Coronavirus: New version of contact-tracing app to be piloted in EnglandBlau Medical News
An updated version of the government’s troubled coronavirus contact-tracing app is to be piloted in England.
Thousands of NHS volunteer responders and people living on the Isle of Wight will be able to try out the app from Thursday while residents in the London borough of Newham will get the chance to download the app from next week.
No date has been set for when the contact-tracing app will be rolled out nationally.
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The technology has been delayed for months after the government was forced to abandon plans to develop its own software that would have stored user data centrally. The new version of the app uses software from Apple and Google with data kept anonymously and not shared with the government.
Developers have run more than 100,000 tests using Bluetooth technology to enable the app to detect other phones nearby and to determine whether people have been within two metres of each other for longer than 15 minutes.
These simulations found the app successfully identified a close contact in almost seven out of 10 cases, but a false positive rate meant 45 per cent, or just over four out of 10 people, would be incorrectly considered a close contact by the app.
However, these people may still be at risk as they spent time near an infected person.
The app had a 99 per cent success rate of detecting either an Android or Apple smartphone.
Using the Bluetooth technology drains around 2 to 3 per cent of a phone’s battery per day and users can turn off contact tracing at any stage.
The new version of the app also has extra functions, which include a postcode check for people to see the prevalence of the virus in their neighbourhood, the ability to scan special test and trace QR codes in venues like pubs and hair salons that can then be used to alert app users if they have been somewhere during an outbreak.
The app will also have a symptom checker and link users to the test and trace service so they can get a test and they will receive isolation advice and a countdown to show how many days of quarantine they have left.
Ministers hope the app will enhance the test and trace service, which has struggled to reach close contacts of people who tested positive for the virus, but officials have emphasised the technology is not a silver bullet against coronavirus and will only work if enough people download it.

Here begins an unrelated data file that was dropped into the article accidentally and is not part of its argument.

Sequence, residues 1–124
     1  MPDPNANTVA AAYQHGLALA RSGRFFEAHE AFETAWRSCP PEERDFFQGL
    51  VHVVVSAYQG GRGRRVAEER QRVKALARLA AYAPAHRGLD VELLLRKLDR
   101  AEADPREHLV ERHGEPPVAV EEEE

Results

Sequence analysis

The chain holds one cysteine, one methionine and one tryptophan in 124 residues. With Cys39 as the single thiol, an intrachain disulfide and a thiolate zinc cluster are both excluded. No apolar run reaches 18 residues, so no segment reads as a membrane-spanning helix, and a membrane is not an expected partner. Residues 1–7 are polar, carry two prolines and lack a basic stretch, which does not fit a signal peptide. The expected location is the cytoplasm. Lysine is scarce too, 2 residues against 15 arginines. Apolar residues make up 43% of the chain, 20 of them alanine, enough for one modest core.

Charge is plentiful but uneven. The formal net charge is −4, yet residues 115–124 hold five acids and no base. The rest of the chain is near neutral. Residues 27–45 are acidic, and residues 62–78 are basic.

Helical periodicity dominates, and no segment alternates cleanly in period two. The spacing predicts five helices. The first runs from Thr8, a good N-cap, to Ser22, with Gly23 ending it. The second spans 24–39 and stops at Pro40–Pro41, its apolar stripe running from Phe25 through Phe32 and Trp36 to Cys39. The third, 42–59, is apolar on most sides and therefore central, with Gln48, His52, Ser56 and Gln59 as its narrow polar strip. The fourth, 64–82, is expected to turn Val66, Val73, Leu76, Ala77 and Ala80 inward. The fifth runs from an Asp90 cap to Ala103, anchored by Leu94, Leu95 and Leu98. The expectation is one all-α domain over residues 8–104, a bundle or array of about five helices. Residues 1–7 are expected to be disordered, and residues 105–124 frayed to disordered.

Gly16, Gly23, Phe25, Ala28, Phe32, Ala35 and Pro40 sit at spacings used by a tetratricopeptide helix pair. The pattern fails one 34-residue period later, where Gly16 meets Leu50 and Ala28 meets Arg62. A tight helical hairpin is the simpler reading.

The app will help tackle the persistent problem of how to identify and reach unknown close contacts of an infected person. In the most recent week’s data, the test and trace service failed to reach 40 per cent of close contacts in cases handled by its call centre staff.
Adam Steventon, director of data analytics at the Health Foundation, said: “Covid-19 is taking a disproportionate toll on older people, people from specific black and minority ethnic groups and those who live in poorer areas. The government must ensure the redesigned app works for these hardest-hit groups.
“Testing the app among different populations is an important step. The inclusion of the London Borough of Newham in the trial is very welcome. It is one of the most ethnically diverse areas of the country, has a high population density and has significant areas of deprivation. Hopefully this trial will go some way to improving confidence among those people hardest hit by the pandemic that the app will help protect them and their communities.”
The Health Foundation said it was important the trials were properly evaluated and findings made public.
Simon Thompson, managing director of the NHS Test and Trace app, said: “Test and trace is vital to controlling the spread of coronavirus and this app is designed to give people maximum freedom at minimum risk.
“We have worked with some of the most innovative organisations in the world, such as Apple, Google, scientists from the Alan Turing Institute and Oxford University and governments across the world to come up with a state-of-the-art product which works to protect people every day. It’s like NHS Test and Trace in your pocket.
“By giving access to the Isle of Wight, Newham and NHS volunteers first we can make this app even better before rolling out nationwide so the rest of the nation can benefit.”
Northern Ireland has already launched its own app, while Scotland is expected to have one by autumn.
“There is no silver bullet when it comes to tackling coronavirus,” said Baroness Dido Harding, executive chair of the test and trace service.
“The app is a great step forward and will complement all of the work we are doing with local areas across the country to reach more people in their communities and work towards our vision of helping more people get back to the most normal life possible at the lowest risk.”